Feddlefew wrote:So... Your day was disturbed because an independent entity decided to bring something (nonharmful) into your environment that you dislike? Is this because a person wearing the t-shirt obviously likes XKCD? Have you tried constructing scenarios that they do not like/know about XKCD but is wearing their roommate's t-shirt because they're out of shirts?
Well, if you think of the T-shirt in itself as something non-harmful, I can understand why you'd think I have a serious issue. The thing is, those folks are not assorted people who only by chance decided to wear a T-shirt with stick figures -- they are folks who willingly
want to insert themselves into the stereotype of fashionable computer geek
, as if they have to fit a determined mold just because they work with computer science; you know, the folks that think that computers are better than anything else, and computer science and maths are obviously more important than other useless fields like sociology, philosophy and history. In a discussion from my college course, someone has explicitly stated that people from computer courses are more intelligent than the others and their opinions are worth more than those from the humanities. It's people like that who want to use xkcd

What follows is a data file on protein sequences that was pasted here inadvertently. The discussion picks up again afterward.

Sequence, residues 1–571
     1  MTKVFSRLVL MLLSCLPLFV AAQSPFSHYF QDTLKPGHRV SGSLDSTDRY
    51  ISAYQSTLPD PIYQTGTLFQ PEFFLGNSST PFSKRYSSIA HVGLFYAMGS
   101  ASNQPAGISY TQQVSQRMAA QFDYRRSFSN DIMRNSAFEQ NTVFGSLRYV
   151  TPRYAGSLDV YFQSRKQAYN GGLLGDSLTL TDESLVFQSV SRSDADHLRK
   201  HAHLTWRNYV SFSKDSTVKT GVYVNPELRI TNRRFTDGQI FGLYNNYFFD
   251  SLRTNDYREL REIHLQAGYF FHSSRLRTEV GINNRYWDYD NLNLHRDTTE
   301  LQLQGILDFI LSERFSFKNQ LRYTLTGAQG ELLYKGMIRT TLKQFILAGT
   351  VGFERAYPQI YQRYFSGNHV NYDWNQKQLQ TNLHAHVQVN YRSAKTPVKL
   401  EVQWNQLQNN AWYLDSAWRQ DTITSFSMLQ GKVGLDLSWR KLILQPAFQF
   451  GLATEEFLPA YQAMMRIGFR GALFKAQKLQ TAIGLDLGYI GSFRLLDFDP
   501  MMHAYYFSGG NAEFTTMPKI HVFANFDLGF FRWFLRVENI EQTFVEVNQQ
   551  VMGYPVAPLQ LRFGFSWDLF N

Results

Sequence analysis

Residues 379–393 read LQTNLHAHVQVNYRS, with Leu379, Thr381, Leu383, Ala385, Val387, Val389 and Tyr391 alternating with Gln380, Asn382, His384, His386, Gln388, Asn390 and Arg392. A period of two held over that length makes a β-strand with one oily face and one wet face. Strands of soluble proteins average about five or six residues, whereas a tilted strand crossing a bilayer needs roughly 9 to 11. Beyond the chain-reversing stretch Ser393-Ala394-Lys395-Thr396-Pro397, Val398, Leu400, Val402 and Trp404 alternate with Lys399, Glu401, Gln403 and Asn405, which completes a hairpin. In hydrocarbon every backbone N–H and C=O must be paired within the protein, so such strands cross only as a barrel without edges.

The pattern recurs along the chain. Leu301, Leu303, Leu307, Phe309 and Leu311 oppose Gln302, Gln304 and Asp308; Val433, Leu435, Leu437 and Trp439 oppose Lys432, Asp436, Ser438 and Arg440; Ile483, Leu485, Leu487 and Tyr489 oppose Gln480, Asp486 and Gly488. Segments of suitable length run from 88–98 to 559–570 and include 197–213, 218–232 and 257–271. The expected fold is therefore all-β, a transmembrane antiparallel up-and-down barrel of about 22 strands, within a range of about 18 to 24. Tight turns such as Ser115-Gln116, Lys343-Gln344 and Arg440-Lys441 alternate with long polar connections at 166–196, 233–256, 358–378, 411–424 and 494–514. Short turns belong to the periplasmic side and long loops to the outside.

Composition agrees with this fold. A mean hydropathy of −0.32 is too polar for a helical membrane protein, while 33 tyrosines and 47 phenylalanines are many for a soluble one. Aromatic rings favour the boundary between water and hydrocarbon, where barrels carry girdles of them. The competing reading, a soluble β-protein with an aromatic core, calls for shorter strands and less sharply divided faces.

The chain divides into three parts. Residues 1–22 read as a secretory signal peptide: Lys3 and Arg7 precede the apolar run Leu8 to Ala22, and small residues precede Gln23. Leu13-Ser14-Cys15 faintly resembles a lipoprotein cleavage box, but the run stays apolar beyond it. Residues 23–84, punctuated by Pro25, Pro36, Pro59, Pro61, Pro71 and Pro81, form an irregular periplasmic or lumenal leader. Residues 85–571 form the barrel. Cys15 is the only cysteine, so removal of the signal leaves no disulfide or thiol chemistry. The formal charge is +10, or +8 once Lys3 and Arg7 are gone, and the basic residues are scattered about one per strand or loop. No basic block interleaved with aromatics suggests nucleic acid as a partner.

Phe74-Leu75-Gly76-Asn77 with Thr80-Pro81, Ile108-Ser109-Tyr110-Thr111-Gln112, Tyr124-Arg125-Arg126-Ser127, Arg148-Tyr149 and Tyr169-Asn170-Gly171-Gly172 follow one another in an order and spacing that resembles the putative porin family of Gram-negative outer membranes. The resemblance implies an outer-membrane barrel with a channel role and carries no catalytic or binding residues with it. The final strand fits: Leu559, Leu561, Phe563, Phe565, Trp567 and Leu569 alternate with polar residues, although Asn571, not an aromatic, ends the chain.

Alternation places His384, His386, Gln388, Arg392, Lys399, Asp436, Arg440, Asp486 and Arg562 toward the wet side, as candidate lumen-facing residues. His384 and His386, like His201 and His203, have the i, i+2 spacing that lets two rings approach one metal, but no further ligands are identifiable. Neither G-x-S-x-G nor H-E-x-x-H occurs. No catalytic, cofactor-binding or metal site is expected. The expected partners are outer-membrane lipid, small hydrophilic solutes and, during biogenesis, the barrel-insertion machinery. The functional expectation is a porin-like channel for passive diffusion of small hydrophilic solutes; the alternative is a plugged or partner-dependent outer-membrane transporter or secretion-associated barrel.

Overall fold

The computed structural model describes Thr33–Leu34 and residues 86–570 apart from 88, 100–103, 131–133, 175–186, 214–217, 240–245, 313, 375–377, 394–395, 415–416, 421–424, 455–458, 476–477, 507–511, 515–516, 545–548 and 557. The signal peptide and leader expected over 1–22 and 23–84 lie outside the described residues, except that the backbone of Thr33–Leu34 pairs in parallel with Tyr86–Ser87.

as a symbol of "computers are cool", as if they have something to prove to the others. The result is that anything
that Randall does that affirms the coolness and superiority of computers is deemed as awesome. I can't stand that attitude.
Am I exaggerating? Well, I've just conluding the main reason why someone would wear an xkcd T-shirt: maybe they just like it that much
, but liking it is not enough, and they have to show it to others
. They want to be identified. And the only person who would identify an xkcd fan is... another xkcd fan. A normal people would have to stop and stare at the T-shirt to read it all the way to the end, and most people wouldn't get the joke, and many would just be indifferent. But a fellow xkcd fan would find it "awesome" by default. It's a badge of "if you like this, you're as cool as I am", in short. I mean, if people just want to identify themselves as computer folks, xkcd is not the best option for that! There are much more direct jokes that about anyone can understand. But not xkcd: it is an "elite club", and I hate being part of a group that wants to be so exclusive. I'm not special for studying computer science, and I don't think anyone is, in short.